NOAA Ships of the Pacific Islands Fleet
Our fleet of ships range from large, oceanographic research vessels capable of exploring the deep ocean to small boats for coastal studies in nearshore waters.
NOAA Ship Oscar Elton Sette
NOAA Ship Oscar Elton Sette is named after pioneering fisheries scientist, Dr. Oscar Elton Sette, who served as the first director of the Honolulu Laboratory—now the Pacific Islands Fisheries Science Center. Originally built for the U.S. Navy, the 224-foot ship now supports research surveys for fisheries, physical and chemical oceanography, marine mammals, sea turtles, marine debris, and coral reefs throughout the central and western Pacific. The Sette is versatile and capable of deploying many different types of gear from surface trawls and underwater camera systems to conductivity-temperature-depth (CTD) instruments and hydrophones (underwater microphones).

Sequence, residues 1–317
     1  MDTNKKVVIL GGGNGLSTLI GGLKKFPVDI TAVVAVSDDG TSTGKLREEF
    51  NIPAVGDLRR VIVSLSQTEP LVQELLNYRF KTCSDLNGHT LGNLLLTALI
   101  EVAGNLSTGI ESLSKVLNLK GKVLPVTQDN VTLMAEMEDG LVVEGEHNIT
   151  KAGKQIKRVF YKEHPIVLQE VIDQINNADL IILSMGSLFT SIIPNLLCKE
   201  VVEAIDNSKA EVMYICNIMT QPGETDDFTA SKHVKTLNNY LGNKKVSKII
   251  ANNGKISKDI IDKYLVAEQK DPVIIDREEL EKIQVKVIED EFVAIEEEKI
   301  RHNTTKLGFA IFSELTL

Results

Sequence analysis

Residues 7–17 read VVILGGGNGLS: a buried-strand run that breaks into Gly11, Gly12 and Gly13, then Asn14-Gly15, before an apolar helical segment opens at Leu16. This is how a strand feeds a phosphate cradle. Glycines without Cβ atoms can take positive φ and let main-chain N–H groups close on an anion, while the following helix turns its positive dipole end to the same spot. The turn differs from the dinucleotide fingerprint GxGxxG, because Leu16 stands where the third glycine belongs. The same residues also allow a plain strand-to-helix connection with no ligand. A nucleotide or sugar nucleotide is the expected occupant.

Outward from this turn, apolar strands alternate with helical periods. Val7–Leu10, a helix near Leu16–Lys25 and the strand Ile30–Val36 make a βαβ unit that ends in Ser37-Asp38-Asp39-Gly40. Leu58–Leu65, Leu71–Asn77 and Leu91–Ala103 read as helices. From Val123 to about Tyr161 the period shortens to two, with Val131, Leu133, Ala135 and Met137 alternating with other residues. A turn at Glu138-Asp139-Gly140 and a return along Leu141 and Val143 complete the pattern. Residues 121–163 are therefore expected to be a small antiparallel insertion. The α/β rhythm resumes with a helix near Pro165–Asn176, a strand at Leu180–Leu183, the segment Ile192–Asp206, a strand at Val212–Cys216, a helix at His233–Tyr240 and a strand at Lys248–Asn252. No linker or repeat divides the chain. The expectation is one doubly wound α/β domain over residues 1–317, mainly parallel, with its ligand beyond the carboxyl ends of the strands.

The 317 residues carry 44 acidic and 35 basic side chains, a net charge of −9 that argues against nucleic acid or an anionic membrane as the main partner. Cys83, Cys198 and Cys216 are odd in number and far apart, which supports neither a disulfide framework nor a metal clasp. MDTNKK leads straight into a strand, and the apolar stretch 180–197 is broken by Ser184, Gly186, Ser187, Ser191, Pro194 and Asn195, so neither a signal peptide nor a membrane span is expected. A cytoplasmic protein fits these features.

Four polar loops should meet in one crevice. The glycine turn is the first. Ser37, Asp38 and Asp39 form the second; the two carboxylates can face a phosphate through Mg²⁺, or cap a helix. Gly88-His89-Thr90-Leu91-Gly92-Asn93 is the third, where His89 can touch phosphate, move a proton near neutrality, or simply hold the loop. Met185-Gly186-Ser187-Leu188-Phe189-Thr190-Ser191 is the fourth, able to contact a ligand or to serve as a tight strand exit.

NOAA Ship Hi'ialakai (decommissioned)
Formerly a U.S. Navy and Coast Guard vessel, NOAA commissioned the Hi‘ialakai to our fleet in 2004. The name Hi‘ialakai means "embracing pathways to the sea" in Hawaiian. The Hi‘ialakai supported coral reef ecosystem assessment and mapping, reef fish and bottomfish surveys, as well as Hawaiian monk seal and sea turtle population assessments. The 224-foot ship was a frequent visitor to the Northwestern Hawaiian Islands in the Papahānaumokuāea Marine National Monument, where the vessel supported thousands of dives for underwater research that is vital to understanding and protecting this remote region. In addition to NOAA projects, Hi‘ialakai provided a research platform for partnerships with the University of Hawai‘i, State of Hawai‘i, and the U.S. Fish and Wildlife Service. The ship was decommissioned on December 15, 2020.